Sunday, August 8, 2004


In Arabic with English subtitles

Al-Jazeera ("The Island" in Arabic) satellite news station was launched in November 1996 and is the fastest growing television network among Arabic speaking people around the world. Programming is focused primarily on news coverage and analysis by many former employees of the BBC Arab Service. With more than 30 bureaux and dozens of correspondents covering the four corners of the world, Al-Jazeera produces programs that are available world-wide through various satellite and cable systems to 35 million viewers, 24 hours a day.
This so-called “Arab version of CNN” has earned a reputation as an oasis of free speech in a region dominated by government censors. Its intrepid reporting, candid talk and lively documentaries are unlike anything most Arab viewers have ever seen. But it has also attracted the ire of many Arab governments (including Egypt, Algeria, Iraq, and Saudi Arabia) unaccustomed to hearing open criticism.
Al-Jazeera has given millions of people a refreshing new perspective on global events. Officials there say that if the U.S. and Britain object to the opinions they see expressed on the station's programs, they are welcome to equal air time in which to respond. British Prime Minister Tony Blair and US Secretary of State Colin Powell have both appeared on the network to express their government’s position of matters of importance.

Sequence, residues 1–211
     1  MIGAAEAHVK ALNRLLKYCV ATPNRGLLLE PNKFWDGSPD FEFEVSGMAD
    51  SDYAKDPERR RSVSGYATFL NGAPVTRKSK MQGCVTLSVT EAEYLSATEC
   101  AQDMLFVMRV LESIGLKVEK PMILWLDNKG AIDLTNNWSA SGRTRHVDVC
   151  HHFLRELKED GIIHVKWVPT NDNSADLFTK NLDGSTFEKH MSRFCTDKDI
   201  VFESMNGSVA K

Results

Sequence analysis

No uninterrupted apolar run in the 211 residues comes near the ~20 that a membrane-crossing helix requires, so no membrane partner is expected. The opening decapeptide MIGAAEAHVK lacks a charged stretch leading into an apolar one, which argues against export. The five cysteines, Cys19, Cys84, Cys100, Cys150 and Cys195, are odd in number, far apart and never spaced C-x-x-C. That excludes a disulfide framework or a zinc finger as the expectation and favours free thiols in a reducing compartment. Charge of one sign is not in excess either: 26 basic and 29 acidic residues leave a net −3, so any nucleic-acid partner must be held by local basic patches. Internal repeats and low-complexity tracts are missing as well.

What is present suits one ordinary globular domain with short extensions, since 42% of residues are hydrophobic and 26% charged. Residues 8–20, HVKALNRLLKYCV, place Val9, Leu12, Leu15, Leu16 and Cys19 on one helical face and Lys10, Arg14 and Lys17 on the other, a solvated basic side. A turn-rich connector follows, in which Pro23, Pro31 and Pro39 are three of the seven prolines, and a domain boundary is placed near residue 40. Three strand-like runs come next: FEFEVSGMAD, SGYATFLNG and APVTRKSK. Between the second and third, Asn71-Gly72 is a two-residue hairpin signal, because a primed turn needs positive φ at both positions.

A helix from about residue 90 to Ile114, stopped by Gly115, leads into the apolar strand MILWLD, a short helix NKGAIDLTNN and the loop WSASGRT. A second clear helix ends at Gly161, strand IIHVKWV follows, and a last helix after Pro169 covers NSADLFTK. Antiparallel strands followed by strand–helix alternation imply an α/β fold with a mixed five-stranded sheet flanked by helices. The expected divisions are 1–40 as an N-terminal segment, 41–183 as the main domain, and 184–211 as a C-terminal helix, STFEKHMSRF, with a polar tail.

Hussein Ibrahim, a Qatar-born, Western-educated correspondent for Al-Jazeera who formerly worked for the BBC Arab Service.
Samir Khader, a senior producer at Al-Jazeera
Lt. Josh Rushing, the press liaison officer at U.S. Central Command (CENTCOM) in Qatar

By their own admission, they are equally guilty of slanting the news so this film about Al-Jazeera provides us an opportunity to hear and see the “other side of the story”.

For example, one night during the Iraqi war the U.S.A.F. strafed and bombed the Al-Jazeera Baghdad bureau along with the offices of the Ab Dubai television station and the hotel where journalists from several Arab countries were staying. The death of one journalist prompted an apology from the U.S. Armed Forces spokesman who said “they took action in response to being fired upon by people at these targets". Al-Jazeera suggests this military action was because of their anti-American views.

We also told that it was a staged contingent of Iraqi sympathizers who were seen walking in behind the American tanks as they entered Baghdad happily waving the original flag of Iraq (banned since 1991 by Saddam Hussein) that they just “happened to have” with them. When later interviewed by Al-Jazeera it was apparent these men were not from Baghdad at all but Kurds trucked in from the U.S.A.-friendly northern part of the country.

It is interesting to hear Secretary of Defense Donald Rumsfeld saying that the Al-Jazeera network is willing to distort the truth, to disseminate misinformation to make its case and they will continue to do so until they are caught in a blatant lie. The pot calling the kettle black?

for war violence, brief language.

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